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Holdcraft v. Arkansas Department of Human Services

Court of Appeals of Arkansas, Division IV

March 6, 2019

Carrie HOLDCRAFT, Appellant
v.
ARKANSAS DEPARTMENT OF HUMAN SERVICES and Minor Child, Appellees

Page 556

[Copyrighted Material Omitted]

Page 557

          APPEAL FROM THE PULASKI COUNTY CIRCUIT COURT, ELEVENTH DIVISION [NO. 60JV-16-1316], HONORABLE PATRICIA JAMES, JUDGE

          Tabitha McNulty, Arkansas Public Defender Commission, for appellant.

         Ellen K. Howard, Office of Chief Counsel, for appellee.

         Chrestman Group, PLLC, by: Keith L. Chrestman, attorney ad litem for minor child.

          Opinion

         DAVID M. GLOVER, Judge

          Carrie Holdcraft appeals the Pulaski County Circuit Court’s termination of her parental rights to her daughter, SH (DOB 5-23-12).[1] She argues it was not in SH’s best interest for her parental rights to be terminated. We affirm the termination of Holdcraft’s parental rights.

          The Arkansas Department of Human Services (DHS) exercised a seventy-two-hour hold on SH on November 3, 2016, after receiving a child-maltreatment report that methamphetamine was within easy reach of SH in Holdcraft’s home and alleging Holdcraft was not an adequate caregiver due to her use of drugs. While investigating the report, the DCFS worker observed that Holdcraft appeared to be under the influence of an unknown substance, was fidgety, and was constantly moving. While Holdcraft denied using any illegal substances, she admitted others in the house had done so; the DCFS worker could smell alcohol on Holdcraft, who admitted she had been drinking throughout the day. Holdcraft tested positive for methamphetamine, amphetamines, and marijuana; cocaine and drug paraphernalia were discovered in the house; and a marijuana plant was found growing in the laundry room. Holdcraft was arrested on drug charges, and SH was taken into DHS custody due to neglect and parental unfitness. On November 7, 2016, DHS filed a petition for emergency custody and dependency-neglect; an order granting emergency custody was filed on that same day.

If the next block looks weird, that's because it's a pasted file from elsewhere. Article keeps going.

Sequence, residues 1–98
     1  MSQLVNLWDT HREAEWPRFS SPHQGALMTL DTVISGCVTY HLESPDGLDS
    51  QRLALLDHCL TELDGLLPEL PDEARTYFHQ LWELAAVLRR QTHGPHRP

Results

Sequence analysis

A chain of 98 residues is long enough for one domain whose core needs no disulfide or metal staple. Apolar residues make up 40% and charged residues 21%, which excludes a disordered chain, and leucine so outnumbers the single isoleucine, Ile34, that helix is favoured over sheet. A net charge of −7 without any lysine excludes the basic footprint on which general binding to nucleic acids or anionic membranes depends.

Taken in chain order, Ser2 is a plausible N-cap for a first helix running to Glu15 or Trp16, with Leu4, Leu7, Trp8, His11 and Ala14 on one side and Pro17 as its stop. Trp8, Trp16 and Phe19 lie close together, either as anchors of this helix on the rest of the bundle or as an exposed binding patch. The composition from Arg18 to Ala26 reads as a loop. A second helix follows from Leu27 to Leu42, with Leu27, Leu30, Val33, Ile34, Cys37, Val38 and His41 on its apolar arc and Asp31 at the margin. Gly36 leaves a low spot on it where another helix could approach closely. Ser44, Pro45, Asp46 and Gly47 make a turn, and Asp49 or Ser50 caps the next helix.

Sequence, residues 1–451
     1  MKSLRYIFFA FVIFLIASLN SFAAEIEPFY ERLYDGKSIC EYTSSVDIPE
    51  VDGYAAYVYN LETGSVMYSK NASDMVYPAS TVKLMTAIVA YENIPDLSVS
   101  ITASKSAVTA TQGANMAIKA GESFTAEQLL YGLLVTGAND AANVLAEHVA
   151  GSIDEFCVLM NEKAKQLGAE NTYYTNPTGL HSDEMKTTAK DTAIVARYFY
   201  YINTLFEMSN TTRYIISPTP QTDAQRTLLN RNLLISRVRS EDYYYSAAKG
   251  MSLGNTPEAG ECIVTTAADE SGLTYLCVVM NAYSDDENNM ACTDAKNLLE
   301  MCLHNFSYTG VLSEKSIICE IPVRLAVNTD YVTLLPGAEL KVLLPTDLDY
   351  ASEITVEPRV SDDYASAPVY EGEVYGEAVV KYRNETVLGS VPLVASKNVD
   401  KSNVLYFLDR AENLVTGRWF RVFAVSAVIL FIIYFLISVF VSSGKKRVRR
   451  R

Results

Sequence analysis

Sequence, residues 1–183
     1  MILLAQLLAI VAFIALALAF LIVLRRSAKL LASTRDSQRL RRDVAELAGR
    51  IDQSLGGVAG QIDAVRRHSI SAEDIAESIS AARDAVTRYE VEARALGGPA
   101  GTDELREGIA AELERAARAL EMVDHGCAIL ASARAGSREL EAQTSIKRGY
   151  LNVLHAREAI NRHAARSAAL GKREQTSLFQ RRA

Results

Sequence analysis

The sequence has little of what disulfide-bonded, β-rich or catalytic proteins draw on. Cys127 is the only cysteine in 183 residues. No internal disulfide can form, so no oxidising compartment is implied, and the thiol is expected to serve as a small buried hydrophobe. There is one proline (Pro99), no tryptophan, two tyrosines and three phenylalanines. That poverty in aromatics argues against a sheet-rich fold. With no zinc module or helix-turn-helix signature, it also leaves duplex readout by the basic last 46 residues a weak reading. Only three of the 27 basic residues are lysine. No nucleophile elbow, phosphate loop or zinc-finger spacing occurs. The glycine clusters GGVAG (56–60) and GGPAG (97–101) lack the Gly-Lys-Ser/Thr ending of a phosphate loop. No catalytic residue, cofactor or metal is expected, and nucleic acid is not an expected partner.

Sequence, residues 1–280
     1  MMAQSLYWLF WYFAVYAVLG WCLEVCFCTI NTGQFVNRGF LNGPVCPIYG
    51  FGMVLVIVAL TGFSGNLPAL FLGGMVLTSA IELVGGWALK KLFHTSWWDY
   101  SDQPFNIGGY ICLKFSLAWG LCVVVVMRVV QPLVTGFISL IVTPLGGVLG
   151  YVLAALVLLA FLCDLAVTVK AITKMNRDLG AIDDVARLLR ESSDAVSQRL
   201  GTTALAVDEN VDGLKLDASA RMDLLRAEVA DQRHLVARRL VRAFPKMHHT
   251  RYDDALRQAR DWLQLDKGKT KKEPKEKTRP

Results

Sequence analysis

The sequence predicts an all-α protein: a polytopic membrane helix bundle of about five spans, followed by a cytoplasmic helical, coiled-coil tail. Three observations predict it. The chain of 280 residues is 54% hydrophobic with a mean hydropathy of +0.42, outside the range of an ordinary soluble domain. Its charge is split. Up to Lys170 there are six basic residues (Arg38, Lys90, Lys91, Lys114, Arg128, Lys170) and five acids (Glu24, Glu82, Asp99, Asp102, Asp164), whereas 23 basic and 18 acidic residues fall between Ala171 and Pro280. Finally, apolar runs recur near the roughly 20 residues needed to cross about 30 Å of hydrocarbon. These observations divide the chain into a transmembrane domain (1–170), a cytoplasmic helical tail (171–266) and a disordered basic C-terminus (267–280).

On November 14, a probable-cause hearing was held, and the circuit court entered an order finding that based on the stipulation of the parties, there was probable

Page 558

cause to continue custody of SH with DHS. The circuit court found DHS had made reasonable efforts to prevent removal. At the time of the probable-cause hearing, Holdcraft was incarcerated in the Pulaski County jail. On December 19, an adjudication hearing was held, and the circuit court entered an order finding SH was dependent-neglected. The parties stipulated to the finding of dependency-neglect based on parental unfitness, specifically Holdcraft’s drug use, which affected her ability to parent SH. The goal of the case continued to be reunification, with a concurrent goal of adoption, and the circuit court found that DHS had made reasonable efforts to provide services and achieve the goal of the case.

          On April 24, 2017, a review hearing was held. The circuit court entered an order finding Holdcraft had made substantial progress since the last hearing by completing her psychological examination; attending outpatient therapy as recommended; participating in therapy; testing negative on all drug screens; visiting SH on a consistent basis; and being employed. The circuit court noted Holdcraft was considering divorcing SH’s father, David Holdcraft. The goal of the case ...


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